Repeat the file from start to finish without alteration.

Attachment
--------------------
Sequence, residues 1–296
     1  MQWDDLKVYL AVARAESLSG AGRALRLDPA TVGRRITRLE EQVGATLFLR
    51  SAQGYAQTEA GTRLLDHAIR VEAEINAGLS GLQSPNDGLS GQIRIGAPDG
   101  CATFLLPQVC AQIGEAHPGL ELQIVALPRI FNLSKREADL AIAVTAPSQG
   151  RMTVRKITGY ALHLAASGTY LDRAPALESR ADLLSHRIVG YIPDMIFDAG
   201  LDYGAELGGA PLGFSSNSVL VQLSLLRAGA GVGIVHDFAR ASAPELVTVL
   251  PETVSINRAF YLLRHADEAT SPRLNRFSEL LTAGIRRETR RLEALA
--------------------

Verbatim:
Sequence, residues 1–296
     1  MQWDDLKVYL AVARAESLSG AGRALRLDPA TVGRRITRLE EQVGATLFLR
    51  SAQGYAQTEA GTRLLDHAIR VEAEINAGLS GLQSPNDGLS GQIRIGAPDG
   101  CATFLLPQVC AQIGEAHPGL ELQIVALPRI FNLSKREADL AIAVTAPSQG
   151  RMTVRKITGY ALHLAASGTY LDRAPALESR ADLLSHRIVG YIPDMIFDAG
   201  LDYGAELGGA PLGFSSNSVL VQLSLLRAGA GVGIVHDFAR ASAPELVTVL
   251  PETVSINRAF YLLRHADEAT SPRLNRFSEL LTAGIRRETR RLEALA